As GDP Growth Decelerates, All Eyes Are on Consumer Spending

man looking in store window

The latest readings of gross domestic product (GDP) have been revised down — at least a bit.

And though the fourth-quarter GDP still logged some growth, the pace of increase has decelerated from a formerly torrid pace, which trains a spotlight on the prime mover of the U.S. economy.

That would be consumer spending, of course.

As detailed by the Commerce Department on Wednesday (Feb. 28), the economy grew at a 3.2% annualized pace in the fourth quarter, which is down from an initial 3.3% estimate. The newest calculation reflects a deceleration from the 4.9% pace that had been seen in the third quarter. Within the latest report, the government noted that consumer spending came in at an annualized 3% pace in the fourth quarter.

The data also noted that real disposable personal income increased 2.2%, a downward revision of 0.3%. The Wednesday release showed that the personal saving rate — personal saving as a percentage of disposable personal income — was 3.9% in the fourth quarter, a downward revision of 0.1%.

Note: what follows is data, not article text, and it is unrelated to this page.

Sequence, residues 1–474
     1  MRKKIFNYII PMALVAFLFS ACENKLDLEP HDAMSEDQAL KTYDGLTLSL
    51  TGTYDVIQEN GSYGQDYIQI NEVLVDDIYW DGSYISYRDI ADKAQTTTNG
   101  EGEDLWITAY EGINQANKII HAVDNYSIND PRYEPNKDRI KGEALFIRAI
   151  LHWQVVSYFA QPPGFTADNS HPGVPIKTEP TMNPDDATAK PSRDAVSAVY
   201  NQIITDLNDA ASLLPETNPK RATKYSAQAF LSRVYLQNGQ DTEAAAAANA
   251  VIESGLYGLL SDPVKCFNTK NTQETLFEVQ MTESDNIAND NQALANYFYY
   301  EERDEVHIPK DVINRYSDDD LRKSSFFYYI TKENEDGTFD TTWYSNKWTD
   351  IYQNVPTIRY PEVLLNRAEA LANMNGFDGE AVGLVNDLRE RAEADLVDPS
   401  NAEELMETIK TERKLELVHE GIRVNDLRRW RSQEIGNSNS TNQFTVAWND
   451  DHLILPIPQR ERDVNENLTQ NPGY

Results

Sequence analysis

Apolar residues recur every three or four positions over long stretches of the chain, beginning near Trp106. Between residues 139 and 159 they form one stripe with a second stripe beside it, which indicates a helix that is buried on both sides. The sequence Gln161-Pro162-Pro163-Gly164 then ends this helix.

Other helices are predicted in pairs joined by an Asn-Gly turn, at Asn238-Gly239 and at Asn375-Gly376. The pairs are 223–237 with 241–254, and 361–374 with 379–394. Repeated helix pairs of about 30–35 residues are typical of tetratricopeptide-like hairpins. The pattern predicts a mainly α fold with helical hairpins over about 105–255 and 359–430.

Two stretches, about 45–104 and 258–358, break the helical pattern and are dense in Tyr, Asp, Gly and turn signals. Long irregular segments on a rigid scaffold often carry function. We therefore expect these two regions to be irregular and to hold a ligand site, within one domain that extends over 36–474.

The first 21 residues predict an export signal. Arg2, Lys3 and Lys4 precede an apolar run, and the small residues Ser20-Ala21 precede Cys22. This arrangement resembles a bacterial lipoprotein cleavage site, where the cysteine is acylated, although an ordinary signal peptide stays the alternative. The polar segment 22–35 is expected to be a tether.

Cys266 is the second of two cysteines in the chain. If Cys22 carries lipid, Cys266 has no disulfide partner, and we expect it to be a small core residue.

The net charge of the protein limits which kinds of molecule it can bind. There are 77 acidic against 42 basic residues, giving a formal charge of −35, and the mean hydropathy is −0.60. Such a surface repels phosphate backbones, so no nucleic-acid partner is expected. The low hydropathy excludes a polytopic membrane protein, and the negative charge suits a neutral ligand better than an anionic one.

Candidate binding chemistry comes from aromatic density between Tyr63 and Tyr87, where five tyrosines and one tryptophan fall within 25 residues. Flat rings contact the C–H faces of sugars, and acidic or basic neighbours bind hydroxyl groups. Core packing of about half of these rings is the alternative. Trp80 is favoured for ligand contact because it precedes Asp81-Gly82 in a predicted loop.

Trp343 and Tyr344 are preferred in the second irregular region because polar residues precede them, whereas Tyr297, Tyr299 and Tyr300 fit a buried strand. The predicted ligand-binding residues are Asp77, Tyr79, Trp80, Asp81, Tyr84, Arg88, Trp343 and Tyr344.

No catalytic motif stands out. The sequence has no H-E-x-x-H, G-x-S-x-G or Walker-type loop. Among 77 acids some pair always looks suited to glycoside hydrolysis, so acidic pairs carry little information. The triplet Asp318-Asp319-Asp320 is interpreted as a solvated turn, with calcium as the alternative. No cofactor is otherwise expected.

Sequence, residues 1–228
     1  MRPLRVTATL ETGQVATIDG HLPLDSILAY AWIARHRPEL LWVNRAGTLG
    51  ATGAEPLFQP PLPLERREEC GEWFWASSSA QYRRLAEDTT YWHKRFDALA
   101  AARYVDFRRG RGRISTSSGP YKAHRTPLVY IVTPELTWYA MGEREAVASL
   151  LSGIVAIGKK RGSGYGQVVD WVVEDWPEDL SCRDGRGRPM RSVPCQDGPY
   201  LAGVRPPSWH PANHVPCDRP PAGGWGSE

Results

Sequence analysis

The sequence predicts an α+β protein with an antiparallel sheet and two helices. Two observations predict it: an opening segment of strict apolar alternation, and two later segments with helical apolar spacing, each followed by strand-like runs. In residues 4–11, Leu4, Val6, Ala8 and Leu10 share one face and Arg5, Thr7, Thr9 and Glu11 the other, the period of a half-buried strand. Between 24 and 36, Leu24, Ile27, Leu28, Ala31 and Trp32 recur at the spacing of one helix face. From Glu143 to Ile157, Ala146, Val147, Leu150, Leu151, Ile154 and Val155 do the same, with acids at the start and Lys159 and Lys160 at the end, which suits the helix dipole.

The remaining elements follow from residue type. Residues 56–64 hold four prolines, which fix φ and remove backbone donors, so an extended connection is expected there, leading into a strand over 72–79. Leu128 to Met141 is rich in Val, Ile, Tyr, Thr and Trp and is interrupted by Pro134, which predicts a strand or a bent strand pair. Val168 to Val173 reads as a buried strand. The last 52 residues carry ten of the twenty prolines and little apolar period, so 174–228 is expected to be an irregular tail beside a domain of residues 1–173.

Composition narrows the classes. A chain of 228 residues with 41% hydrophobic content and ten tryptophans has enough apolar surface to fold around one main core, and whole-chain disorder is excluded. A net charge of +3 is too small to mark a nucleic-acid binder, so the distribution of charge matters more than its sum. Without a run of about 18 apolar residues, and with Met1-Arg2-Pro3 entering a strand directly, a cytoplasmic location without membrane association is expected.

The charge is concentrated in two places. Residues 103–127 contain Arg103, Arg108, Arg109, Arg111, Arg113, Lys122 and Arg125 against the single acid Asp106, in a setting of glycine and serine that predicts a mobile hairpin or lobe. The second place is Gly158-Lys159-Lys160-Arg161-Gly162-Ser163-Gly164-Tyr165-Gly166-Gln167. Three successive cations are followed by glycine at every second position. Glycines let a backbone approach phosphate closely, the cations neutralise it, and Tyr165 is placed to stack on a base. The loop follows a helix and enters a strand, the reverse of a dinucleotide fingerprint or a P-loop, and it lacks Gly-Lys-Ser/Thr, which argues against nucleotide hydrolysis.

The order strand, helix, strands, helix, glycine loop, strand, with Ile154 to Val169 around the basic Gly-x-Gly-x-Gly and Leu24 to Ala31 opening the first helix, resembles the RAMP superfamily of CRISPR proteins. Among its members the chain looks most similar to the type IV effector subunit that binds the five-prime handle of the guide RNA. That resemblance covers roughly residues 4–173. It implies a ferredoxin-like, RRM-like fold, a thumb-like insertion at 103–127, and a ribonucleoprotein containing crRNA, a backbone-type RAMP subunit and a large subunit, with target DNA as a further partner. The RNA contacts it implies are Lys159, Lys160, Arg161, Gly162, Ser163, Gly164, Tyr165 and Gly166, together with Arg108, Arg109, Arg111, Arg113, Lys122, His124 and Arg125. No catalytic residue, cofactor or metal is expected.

We note that the GDP data is already about two months old, and that this week we’ll get more recent readings on personal consumption — and thus, a sense of inflation’s impact as has been felt so far in 2024. And we’ll get a fuller accounting of the actual flows of household finances — including debt obligations and payments.

Recession Ahead?

But given the fact that, as noted here, and as reported by The Conference Board Tuesday (Feb. 27),  Consumer Confidence slipped in February, after three consecutive months of gains. The board reported that the present situation index — based on consumers; assessment of current business and labor market conditions—fell this month from January.  And the short-term expectations index also was lower, tied in part to lower expectations surrounding income. The board added that the latest reading here was 79.8 — and said that a reading below 80 “often signals recession ahead.”

PYMNTS Intelligence reported this week that just 18% of overall wage earners say their incomes have kept up with inflation — and the percentage increases for high earners, but still remains a minority as 27% of this cohort say the same about their paychecks and inflation. A full third of households earning more than $200,000 annually say that they live paycheck to paycheck.

Discretionary spending on leisure, personal care and everyday transactions represents close to one-third of higher-income consumers’ available income, which signals that there may be some impact to leisure, travel, apparel and other firms in the months ahead, especially if overall consumer confidence remains pressured.